Before Pesach, the gentile provides the rabbi with a down payment for the chametz. The gentile is not required to sell the chametz back to the Jew(s) when Pesach ends. Since the gentile owns the chametz, he is allowed to do with it as he pleases.
If, after Pesach, the gentile chooses to sell the chametz back to the Jews, the rabbi returns his down payment (with a payment for his “cooperation”). Originally, when people sold their chametz individually, many did not charge the gentile buyers the full market price for their chametz so some gentiles opted to retain ownership after Pesach and the Jews suffered financial losses. Today, the rabbi’s contract with the gentile states that, should the gentile choose to retain ownership of the chametz after the conclusion of Pesach, the chametz will be assessed within a few days and the gentile will be required to pay the assessed value upon presentation of the assessor’s report. The rabbi will credit the down payment toward the full purchase price. Therefore, the gentile has no incentive to retain ownership at the conclusion of Pesach.
In an ordinary year, the rabbi sells the chametz to the gentile during the fifth hour of the morning (i.e. between 4/12 and 5/12 of the daylight interval) of Erev Pesach, i.e. within the hour following the deadline for eating chametz. However, when Erev Pesach is Shabbos and Pesach starts on Saturday night, we have a problem because 1) we may eat chametz until the end of the fourth hour (4/12 of the daylight interval) on Shabbos Erev Pesach but 2) we may not sell on Shabbos.
A number of solutions have been suggested. The simplest is to retain ownership of the chametz one plans to eat on Shabbos Erev Pesach. When the Jew appoints the rabbi, he must specifically exclude the chametz that he intends to use on Shabbos and specify where it will be. For example, he may write on the contract that he is authorizing the rabbi to sell all his chametz except for “the rolls in the white plastic bag on the porch.” On Shabbos, he will not be permitted to consider any unfinished chametz to be included with what he is selling to the gentile because he explicitly excluded that chametz from the sale. Therefore, if he does not consume all the reserved chametz before the deadline for eating chametz, he must dispose of the remainder properly. There are various methods of destroying chametz on Shabbos. Ask your rabbi which method he prefers. A simple disposal procedure is to crumble the remaining chametz and flush it down the toilet.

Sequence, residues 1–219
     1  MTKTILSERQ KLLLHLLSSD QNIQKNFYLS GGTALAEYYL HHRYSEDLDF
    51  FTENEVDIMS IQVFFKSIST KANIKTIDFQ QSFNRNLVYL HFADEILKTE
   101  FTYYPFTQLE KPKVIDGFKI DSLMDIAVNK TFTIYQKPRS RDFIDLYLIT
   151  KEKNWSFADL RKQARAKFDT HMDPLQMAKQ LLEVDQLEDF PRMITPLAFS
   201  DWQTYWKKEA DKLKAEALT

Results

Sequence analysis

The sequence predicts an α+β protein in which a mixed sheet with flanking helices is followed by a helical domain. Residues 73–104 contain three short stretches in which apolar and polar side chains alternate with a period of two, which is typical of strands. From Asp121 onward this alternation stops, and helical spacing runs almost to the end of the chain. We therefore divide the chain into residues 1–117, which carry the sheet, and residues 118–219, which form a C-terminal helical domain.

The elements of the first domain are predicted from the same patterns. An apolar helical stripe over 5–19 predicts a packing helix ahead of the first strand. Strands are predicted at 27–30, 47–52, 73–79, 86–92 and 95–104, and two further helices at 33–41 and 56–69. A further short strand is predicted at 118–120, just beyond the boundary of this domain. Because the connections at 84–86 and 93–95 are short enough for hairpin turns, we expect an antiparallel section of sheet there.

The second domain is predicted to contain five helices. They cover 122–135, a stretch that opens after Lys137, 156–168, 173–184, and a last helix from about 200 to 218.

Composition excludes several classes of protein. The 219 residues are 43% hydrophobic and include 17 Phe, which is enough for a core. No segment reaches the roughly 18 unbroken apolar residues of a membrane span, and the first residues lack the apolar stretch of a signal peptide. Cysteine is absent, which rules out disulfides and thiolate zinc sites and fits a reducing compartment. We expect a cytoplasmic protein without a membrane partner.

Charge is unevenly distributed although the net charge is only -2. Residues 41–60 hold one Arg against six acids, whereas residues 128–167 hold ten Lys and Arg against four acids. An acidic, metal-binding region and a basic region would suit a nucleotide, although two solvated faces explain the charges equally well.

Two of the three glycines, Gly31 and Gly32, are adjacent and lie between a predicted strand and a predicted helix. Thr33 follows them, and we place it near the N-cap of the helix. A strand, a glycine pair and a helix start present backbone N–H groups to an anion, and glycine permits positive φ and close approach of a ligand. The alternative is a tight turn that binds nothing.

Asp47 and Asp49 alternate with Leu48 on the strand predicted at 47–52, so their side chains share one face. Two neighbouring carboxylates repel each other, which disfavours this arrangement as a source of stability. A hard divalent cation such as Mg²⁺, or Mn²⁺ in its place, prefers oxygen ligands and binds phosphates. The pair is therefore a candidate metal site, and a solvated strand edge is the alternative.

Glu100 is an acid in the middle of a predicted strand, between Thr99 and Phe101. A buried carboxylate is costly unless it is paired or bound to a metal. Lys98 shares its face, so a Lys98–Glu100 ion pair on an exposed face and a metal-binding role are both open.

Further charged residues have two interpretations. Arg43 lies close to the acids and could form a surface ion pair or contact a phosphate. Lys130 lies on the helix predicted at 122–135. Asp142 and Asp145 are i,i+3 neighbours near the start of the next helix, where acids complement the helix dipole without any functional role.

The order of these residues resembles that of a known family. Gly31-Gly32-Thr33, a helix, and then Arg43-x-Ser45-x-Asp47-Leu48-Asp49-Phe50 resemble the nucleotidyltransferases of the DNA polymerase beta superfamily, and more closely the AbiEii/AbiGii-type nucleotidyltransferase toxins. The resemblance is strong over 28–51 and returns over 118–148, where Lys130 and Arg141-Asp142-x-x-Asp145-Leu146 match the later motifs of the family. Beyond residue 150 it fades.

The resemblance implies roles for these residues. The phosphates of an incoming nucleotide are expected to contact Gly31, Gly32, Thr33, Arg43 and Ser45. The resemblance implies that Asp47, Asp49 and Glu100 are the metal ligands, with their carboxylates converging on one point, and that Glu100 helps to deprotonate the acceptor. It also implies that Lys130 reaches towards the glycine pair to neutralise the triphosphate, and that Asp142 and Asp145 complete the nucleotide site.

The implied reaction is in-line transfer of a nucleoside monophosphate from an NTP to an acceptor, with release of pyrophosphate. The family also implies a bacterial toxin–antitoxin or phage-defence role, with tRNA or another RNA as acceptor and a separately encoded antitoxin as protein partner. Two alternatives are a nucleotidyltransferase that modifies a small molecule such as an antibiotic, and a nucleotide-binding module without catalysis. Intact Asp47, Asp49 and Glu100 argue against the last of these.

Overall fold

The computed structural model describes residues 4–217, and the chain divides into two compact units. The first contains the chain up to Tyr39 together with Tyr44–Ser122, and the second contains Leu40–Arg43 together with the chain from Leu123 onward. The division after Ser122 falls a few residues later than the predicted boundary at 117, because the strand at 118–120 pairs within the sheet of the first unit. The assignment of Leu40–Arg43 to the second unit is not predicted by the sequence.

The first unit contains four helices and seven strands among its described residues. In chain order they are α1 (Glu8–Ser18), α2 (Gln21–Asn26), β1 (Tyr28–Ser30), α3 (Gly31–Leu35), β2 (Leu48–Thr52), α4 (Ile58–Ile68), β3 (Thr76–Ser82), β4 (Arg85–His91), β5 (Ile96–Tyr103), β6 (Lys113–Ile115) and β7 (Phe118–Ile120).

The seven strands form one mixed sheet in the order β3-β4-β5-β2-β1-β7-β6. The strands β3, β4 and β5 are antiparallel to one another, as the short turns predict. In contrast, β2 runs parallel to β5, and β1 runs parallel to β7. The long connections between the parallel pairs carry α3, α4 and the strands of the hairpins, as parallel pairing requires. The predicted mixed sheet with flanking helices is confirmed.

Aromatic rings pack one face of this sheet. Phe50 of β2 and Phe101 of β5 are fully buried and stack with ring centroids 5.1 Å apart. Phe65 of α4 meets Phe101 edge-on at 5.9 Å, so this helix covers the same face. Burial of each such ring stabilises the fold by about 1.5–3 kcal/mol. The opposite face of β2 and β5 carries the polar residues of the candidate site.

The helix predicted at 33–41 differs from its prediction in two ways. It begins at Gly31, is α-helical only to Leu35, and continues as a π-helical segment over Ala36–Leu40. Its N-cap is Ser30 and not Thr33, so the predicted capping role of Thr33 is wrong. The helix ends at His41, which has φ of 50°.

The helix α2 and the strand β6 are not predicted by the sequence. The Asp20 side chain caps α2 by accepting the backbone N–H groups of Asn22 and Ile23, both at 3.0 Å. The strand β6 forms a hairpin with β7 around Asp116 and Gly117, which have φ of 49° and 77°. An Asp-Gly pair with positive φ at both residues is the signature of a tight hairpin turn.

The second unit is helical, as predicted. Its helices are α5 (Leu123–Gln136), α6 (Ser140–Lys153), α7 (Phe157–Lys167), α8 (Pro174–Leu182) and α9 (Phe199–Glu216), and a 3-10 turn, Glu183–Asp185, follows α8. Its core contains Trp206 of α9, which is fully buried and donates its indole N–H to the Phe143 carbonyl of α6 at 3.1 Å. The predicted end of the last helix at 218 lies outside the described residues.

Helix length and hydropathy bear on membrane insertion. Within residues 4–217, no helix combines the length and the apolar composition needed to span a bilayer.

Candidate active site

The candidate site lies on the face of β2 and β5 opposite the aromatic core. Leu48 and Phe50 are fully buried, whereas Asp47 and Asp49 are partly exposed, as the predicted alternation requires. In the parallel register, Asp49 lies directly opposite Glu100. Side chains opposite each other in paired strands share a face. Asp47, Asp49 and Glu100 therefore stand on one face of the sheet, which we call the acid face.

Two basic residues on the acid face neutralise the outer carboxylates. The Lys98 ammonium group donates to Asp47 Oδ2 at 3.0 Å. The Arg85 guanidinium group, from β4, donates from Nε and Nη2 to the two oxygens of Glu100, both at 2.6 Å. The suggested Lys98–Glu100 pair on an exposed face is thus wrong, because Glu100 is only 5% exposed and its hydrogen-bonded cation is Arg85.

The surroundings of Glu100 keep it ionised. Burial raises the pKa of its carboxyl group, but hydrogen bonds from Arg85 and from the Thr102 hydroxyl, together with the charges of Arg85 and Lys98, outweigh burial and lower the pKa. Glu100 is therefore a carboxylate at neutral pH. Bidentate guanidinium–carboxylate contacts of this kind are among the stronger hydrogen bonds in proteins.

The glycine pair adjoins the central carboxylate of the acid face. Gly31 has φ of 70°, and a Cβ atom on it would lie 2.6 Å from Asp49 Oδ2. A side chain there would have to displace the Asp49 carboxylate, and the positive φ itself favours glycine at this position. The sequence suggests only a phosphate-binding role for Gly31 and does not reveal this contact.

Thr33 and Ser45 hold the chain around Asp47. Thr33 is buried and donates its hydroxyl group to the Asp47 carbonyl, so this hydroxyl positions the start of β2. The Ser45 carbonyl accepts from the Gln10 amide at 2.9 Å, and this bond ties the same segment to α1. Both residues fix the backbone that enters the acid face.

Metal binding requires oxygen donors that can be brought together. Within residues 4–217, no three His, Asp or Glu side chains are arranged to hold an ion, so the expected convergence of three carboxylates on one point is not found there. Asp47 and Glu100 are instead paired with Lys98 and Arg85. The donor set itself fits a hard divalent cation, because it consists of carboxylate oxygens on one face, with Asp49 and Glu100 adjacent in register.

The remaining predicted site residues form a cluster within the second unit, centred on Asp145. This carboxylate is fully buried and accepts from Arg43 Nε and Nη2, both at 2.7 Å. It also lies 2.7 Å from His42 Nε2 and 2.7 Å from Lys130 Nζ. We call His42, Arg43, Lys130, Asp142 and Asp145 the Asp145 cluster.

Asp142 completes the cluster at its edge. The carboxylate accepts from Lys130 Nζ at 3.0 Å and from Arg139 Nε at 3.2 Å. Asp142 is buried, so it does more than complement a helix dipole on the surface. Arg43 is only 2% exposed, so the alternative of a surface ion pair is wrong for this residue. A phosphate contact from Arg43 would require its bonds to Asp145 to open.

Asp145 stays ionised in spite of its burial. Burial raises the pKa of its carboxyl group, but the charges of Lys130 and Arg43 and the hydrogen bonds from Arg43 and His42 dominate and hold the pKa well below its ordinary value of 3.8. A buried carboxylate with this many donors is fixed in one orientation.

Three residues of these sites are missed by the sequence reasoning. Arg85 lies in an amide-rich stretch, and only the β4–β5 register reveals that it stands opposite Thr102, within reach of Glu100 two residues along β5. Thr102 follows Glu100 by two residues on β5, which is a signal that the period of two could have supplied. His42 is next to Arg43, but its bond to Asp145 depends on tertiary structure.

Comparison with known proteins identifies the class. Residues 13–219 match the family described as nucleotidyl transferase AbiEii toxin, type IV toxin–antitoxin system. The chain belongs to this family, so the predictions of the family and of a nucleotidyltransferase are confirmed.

After Pesach, before one uses the chametz that was sold, he should check that his rabbi has repurchased it from the gentile.
Rabbi Yosef Fleishman heads the Kollel Choshen Mishpat – Institute for Dayanim, Jerusalem, Israel, and its affiliated Beis Din, “Nesivos Chaim.”
This series is intended to give general guidelines only; since every circumstance is unique, actual cases should be referred to a Dayan or Beis Din. The Institute for Dayanim is pleased to answer queries from the general public regarding monetary and business halacha, and to offer advice regarding the drafting of halachically valid contracts, wills etc. The Institute for Dayanim can be reached by e-mail at firstname.lastname@example.org, or via the website, www.en.din.org.il
The words of this author reflect his/her own opinions and do not necessarily represent the official position of the Orthodox Union.